Giff (Charles Bronson) is an American expatriate with a shady past who owns a nightclub on the titular beach in
This is a muddled rehashing of
The movie gets off to an extremely lackluster start with everyone being all vague and shit about their intentions and allegiances. Once they cut through all that malarkey and Bronson gets to go into mini-Death Wish mode, things perk up a little bit. What sinks the movie is that more screen time is spent on the inconsequential supporting cast and not enough on Bronson kicking ass.
This was sort of a change of pace for Bronson and I really liked him in this one. He gave a mannered performance and really seemed to give it his best shot here. Robards was decent as the slimy Nazi villain and I got a kick out of seeing Jaws 3-D’s Simon MacCorkindale as the smug British spy. The weak link in all of this was Sanda. While she looked great (and had an uncanny resemblance to Ingrid Bergman to boot) every time she opened her mouth it was like nails on a chalkboard.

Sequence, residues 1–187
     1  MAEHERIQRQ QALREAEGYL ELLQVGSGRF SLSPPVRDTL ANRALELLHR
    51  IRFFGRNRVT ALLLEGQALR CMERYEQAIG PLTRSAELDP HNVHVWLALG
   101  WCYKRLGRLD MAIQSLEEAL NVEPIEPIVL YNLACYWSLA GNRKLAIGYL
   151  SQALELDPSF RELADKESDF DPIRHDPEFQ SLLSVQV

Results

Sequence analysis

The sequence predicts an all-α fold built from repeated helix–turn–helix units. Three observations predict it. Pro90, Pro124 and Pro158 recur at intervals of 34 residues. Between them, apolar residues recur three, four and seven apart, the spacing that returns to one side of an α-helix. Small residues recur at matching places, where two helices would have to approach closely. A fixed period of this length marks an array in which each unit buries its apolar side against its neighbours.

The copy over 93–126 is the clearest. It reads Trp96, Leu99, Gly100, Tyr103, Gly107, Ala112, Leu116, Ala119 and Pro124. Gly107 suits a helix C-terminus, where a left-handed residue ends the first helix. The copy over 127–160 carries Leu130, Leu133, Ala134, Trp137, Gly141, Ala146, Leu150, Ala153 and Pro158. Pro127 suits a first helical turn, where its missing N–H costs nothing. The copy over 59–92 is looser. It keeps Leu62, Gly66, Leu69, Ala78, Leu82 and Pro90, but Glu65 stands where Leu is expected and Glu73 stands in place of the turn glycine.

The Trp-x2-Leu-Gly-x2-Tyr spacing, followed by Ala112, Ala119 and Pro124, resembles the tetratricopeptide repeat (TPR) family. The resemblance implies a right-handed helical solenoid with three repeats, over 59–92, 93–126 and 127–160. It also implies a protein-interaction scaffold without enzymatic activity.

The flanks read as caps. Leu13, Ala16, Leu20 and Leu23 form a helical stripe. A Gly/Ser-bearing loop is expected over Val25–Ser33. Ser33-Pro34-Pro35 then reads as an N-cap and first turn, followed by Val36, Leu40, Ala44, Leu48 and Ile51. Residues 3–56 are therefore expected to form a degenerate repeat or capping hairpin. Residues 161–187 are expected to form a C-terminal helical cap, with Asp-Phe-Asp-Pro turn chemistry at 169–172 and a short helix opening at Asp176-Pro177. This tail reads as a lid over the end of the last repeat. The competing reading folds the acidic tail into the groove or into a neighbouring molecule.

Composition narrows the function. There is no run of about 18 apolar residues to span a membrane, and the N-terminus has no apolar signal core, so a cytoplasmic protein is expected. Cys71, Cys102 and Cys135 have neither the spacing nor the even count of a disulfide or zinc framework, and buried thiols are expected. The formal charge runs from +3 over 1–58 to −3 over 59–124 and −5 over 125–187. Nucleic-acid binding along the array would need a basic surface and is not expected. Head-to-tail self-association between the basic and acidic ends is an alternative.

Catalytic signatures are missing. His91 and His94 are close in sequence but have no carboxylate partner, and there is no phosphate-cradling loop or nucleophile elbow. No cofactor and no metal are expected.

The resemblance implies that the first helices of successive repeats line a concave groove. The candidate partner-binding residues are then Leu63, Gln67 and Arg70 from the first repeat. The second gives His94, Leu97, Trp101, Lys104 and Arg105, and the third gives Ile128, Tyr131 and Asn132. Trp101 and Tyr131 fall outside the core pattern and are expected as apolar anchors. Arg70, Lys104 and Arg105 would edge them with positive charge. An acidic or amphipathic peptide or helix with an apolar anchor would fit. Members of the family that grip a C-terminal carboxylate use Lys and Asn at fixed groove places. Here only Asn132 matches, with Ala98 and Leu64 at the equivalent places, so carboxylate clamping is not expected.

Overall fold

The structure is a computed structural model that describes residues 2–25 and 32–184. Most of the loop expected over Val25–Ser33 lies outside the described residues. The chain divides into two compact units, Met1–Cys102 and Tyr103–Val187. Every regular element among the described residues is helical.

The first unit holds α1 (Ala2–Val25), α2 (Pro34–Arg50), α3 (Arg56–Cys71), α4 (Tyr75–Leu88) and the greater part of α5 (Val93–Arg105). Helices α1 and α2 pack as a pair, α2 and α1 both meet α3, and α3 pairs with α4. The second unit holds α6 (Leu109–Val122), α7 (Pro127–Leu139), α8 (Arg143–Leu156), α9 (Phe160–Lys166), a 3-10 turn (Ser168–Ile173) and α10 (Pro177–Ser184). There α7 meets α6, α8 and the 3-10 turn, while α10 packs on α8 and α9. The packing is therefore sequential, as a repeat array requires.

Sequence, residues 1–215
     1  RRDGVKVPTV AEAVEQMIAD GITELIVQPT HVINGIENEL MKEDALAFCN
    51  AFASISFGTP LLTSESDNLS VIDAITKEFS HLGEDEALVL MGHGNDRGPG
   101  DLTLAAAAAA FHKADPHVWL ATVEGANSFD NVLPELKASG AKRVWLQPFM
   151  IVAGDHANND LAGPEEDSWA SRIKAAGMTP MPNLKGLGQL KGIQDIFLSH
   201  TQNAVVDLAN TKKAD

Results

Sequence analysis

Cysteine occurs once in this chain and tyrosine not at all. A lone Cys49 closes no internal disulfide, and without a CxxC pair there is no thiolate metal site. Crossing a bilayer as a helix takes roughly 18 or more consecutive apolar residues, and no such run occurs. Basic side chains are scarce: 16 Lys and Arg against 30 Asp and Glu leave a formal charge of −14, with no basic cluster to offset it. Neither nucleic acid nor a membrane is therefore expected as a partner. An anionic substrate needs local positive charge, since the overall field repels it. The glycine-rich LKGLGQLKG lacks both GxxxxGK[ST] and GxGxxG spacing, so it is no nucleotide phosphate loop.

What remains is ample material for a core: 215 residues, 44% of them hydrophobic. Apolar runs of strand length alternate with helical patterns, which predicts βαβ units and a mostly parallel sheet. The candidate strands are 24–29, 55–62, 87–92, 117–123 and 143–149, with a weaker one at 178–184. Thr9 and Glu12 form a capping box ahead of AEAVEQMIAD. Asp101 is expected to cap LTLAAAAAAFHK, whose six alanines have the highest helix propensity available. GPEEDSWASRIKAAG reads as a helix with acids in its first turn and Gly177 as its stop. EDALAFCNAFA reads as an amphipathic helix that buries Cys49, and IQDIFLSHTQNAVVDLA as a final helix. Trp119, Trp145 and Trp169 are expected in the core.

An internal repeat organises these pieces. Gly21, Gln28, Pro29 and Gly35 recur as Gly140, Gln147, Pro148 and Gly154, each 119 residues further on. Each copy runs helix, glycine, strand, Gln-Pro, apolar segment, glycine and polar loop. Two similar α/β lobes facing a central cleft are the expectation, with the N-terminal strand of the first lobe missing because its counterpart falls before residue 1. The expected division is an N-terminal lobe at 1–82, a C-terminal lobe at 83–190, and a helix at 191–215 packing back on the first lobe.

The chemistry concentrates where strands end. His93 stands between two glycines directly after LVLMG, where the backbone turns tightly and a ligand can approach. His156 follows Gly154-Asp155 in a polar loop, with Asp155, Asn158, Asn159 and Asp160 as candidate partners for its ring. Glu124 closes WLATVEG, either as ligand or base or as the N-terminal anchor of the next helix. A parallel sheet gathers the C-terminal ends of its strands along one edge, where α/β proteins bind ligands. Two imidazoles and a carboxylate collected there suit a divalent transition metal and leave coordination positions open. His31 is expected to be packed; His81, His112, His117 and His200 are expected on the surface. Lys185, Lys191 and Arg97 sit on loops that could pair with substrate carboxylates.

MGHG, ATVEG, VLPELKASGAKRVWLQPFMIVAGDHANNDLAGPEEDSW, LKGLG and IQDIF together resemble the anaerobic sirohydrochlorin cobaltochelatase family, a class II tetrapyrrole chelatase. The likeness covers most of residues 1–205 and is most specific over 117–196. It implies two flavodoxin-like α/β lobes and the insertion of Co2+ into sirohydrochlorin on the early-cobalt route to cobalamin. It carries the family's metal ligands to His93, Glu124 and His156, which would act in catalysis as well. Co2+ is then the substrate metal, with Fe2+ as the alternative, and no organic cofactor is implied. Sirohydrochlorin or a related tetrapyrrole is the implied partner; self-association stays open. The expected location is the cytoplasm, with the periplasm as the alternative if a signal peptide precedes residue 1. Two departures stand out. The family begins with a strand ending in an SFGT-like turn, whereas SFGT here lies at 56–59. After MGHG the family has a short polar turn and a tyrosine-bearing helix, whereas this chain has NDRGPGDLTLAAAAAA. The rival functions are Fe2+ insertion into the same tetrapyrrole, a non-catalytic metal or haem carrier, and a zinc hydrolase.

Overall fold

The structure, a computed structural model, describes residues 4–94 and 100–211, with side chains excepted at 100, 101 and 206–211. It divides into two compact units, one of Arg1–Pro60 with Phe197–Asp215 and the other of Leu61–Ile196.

Unlike most collaborations between Bronson and director J. Lee Thompson (they did a whopping NINE movies together), Caboblanco is a bit underwhelming. It’s long on chit-chat and short on bang-bang. Even though Thompson allowed the climax to just kinda fizzle out, I did like the way Robard’s henchman bit the dust when the sword went through his eyeball. And say what you will about Thompson’s plodding pacing; the man knows how to cram enough random scenes of nude beach bunnies into a movie to at least keep you interested.
Bronson wasn’t given a lot of good tough guy dialogue, so I’ll have to nominate “Your soul went right into the toilet!” as his best line in this one.